New research could help determine the severity of brain injury after sports-related concussion and inform decisions on when an athlete can return to play.
The Penn Medicine study showed that the severity of post-concussion symptoms in professional athletes can be predicted by measuring blood levels of a brain-enriched protein known as SNTF.
This follows previous research by the same group which found that elevated blood levels of SNTF on the day of a mild traumatic brain injury treated in the emergency room predicted those patients who would go on to suffer diffuse axonal injury and long-term cognitive dysfunction.
“We extended this biomarker research to the domain of professional sports to test its merit as an objective and rapid way to determine players´ severity of brain injury,” commented lead author Robert Siman, PhD, Research Professor of Neurosurgery at Penn.
In collaboration with the Sahgrenska Academy at University of Gothenburg, Sweden, the researchers evaluated 28 players in the top Swedish professional ice hockey league who suffered a concussion during the first half of the 2012-2013 season.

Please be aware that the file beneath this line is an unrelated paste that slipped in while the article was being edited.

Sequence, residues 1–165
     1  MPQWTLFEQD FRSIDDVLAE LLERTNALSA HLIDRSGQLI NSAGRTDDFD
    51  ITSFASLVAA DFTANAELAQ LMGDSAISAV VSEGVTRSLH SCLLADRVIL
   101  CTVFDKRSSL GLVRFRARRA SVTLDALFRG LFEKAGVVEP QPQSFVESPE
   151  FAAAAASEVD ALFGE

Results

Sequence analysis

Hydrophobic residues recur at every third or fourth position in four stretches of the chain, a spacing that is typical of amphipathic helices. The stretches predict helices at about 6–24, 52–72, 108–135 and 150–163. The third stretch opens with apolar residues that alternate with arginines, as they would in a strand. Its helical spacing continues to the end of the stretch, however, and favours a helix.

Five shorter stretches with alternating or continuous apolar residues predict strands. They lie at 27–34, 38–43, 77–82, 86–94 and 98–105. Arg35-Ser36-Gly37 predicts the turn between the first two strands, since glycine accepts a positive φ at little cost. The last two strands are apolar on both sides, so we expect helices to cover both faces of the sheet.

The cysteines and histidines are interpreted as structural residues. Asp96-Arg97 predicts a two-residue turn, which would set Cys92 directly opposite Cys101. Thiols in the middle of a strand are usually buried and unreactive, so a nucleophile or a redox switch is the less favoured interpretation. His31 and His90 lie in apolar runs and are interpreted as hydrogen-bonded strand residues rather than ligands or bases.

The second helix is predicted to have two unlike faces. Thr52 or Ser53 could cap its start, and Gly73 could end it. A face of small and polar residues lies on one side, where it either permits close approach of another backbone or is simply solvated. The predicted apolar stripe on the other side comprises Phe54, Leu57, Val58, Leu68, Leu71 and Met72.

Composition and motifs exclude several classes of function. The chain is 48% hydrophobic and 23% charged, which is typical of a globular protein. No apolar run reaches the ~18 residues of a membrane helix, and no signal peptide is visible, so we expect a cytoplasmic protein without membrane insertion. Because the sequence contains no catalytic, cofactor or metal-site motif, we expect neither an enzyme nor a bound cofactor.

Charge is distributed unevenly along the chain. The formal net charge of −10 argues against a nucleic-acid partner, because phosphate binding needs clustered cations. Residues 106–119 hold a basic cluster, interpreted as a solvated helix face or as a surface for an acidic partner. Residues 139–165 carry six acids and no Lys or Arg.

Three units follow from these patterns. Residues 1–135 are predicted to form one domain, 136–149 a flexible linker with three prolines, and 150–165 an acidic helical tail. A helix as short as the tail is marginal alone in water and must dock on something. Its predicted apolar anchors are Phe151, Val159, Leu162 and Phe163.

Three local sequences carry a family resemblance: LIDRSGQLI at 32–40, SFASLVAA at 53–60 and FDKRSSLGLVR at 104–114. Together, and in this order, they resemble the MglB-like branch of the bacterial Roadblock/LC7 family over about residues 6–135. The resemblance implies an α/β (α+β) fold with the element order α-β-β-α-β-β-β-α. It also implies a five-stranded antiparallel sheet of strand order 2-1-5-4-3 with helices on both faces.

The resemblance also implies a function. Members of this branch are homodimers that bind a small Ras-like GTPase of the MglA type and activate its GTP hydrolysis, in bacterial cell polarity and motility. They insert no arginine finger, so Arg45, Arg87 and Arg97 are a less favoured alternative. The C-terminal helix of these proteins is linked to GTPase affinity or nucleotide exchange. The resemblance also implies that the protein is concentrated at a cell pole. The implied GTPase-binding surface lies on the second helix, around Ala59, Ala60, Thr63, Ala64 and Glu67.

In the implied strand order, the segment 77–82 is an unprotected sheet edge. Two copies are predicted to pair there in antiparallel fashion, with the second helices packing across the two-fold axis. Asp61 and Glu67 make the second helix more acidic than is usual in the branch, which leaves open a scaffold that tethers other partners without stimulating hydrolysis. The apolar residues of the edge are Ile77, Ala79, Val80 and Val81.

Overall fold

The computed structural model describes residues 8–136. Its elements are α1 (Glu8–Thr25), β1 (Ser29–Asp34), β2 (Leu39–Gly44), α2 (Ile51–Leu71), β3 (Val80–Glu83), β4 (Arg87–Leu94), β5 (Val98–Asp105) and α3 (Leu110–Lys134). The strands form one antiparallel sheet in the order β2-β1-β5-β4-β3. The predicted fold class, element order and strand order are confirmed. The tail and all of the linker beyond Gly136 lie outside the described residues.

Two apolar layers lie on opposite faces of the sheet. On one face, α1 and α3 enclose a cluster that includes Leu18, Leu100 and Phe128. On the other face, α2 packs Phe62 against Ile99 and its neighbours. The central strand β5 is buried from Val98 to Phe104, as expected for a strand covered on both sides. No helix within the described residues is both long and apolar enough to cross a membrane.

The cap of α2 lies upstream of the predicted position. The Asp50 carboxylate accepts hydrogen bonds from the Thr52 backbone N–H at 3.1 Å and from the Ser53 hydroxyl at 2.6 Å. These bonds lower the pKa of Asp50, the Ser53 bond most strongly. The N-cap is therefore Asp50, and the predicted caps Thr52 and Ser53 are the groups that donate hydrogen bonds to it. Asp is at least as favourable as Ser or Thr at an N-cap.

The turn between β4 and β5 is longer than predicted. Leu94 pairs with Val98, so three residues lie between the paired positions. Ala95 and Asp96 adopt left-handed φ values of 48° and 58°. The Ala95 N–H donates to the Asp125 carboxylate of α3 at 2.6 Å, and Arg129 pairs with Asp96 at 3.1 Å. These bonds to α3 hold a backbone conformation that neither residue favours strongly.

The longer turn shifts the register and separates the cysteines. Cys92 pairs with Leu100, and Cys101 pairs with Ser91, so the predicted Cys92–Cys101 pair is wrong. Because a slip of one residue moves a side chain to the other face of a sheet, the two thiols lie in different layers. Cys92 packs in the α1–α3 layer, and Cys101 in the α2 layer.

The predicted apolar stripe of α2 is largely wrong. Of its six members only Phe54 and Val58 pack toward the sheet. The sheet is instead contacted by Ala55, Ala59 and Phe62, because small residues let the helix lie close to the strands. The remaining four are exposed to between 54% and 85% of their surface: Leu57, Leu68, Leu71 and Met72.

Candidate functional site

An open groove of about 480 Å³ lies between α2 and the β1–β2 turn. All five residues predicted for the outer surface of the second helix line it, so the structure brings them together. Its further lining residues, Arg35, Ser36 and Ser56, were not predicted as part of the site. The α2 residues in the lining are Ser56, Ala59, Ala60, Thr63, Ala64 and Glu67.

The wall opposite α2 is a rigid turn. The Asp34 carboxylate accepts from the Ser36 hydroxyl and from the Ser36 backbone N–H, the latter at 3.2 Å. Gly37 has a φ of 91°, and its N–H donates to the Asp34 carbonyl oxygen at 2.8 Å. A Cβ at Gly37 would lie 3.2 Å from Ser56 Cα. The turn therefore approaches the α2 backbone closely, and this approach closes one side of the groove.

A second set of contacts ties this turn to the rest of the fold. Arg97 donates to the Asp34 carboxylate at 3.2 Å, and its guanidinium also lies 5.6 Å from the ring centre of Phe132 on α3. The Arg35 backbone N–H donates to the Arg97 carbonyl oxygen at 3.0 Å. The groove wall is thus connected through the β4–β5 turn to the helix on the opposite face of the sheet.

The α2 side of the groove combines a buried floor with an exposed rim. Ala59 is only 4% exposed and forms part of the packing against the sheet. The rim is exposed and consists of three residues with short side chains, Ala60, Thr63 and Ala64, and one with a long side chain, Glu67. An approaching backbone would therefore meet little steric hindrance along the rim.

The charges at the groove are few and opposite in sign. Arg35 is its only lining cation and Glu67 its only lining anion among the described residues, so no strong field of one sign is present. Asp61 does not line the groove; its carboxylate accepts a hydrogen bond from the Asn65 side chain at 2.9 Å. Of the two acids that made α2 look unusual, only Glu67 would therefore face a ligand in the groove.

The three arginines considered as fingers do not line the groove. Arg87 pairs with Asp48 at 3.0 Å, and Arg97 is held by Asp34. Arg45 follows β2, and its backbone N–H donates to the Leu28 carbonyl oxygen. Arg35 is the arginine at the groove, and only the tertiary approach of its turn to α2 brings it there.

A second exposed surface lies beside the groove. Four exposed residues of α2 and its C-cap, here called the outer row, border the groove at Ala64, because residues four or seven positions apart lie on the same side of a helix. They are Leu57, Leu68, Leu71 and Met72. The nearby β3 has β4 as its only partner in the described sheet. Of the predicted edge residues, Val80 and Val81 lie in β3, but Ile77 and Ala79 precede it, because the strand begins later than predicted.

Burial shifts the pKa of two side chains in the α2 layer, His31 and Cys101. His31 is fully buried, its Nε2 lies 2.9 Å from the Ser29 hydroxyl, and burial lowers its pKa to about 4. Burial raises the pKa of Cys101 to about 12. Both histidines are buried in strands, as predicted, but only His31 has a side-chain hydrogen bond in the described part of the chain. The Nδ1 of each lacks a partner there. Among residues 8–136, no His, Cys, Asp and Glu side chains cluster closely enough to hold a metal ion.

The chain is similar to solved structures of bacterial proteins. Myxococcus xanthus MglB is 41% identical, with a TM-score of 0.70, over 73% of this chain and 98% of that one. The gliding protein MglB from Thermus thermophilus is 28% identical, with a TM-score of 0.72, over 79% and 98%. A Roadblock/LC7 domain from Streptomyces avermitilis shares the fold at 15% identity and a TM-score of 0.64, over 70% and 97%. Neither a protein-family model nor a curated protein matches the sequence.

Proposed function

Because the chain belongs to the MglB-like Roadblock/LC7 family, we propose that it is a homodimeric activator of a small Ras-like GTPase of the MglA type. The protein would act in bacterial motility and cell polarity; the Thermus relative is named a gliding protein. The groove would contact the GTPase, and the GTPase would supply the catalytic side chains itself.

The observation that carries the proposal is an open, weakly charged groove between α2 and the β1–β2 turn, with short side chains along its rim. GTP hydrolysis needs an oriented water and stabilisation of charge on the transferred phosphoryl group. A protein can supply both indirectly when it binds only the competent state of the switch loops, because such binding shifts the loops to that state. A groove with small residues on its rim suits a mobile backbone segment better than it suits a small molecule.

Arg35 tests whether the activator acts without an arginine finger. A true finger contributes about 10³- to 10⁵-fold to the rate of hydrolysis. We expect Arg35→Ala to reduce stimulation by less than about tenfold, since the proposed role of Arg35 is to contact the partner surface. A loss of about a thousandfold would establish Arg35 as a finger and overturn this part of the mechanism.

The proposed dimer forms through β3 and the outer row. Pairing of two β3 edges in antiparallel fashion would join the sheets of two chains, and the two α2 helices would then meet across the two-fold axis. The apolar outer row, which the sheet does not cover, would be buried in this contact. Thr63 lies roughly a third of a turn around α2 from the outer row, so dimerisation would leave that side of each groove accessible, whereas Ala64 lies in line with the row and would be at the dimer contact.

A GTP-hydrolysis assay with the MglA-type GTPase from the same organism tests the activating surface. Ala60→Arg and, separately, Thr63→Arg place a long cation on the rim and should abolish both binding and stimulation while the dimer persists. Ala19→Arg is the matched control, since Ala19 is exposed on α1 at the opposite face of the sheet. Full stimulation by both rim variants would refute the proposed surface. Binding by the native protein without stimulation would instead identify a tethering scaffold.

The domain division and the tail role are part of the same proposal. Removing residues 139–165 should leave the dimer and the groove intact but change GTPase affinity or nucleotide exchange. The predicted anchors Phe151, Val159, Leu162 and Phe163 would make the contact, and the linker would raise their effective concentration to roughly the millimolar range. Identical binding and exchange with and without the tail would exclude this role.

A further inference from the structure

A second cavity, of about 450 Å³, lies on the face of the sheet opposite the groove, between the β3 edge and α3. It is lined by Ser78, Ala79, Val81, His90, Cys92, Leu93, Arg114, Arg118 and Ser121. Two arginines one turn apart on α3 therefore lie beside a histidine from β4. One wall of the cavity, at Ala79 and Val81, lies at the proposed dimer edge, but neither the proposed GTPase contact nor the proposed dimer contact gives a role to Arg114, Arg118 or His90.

Eight of the concussed players were symptom-free within a few days of their injury, but 20 of the players had persistent post-concussion symptoms which meant that they had to withdraw from play for six days or longer. A further 45 players were evaluated during the preseason, 17 of whom were also tested before and after a concussion-free training game.
Results showed that, compared to those players who were not concussed, or whose concussion symptoms resolved rapidly, there was an increase in the blood SNTF concentration from one hour up to 144 hours post-concussion in those players experiencing persisting post-concussion symptoms.
SNTF (calpain-cleaved aII-spectrin N-terminal fragment) is present at undetectable levels in healthy human brains, but is produced under conditions where nerve cells are traumatised and begin to die. Concussions that lead to lasting brain dysfunction cause SNTF to accumulate in vulnerable long axon tracts of the brain, and its blood elevation is a measure of this diffuse axonal injury, Penn Medicine explained.
“These results show that SNTF has promise as a blood biomarker for sports-related concussion and beyond. High blood levels of SNTF appear to identify acute brain damage that corresponds with persisting symptoms after concussion,” the authors of the study said.
Their findings have been published in the Journal of Neurotrauma.